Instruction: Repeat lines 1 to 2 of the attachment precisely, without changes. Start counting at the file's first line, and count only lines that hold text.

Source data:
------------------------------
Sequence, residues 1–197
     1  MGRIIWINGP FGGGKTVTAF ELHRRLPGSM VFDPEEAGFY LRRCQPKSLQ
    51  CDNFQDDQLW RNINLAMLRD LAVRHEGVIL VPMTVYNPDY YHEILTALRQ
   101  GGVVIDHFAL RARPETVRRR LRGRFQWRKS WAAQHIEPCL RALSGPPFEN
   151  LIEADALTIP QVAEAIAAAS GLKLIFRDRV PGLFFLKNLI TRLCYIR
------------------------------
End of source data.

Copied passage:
Sequence, residues 1–197
     1  MGRIIWINGP FGGGKTVTAF ELHRRLPGSM VFDPEEAGFY LRRCQPKSLQ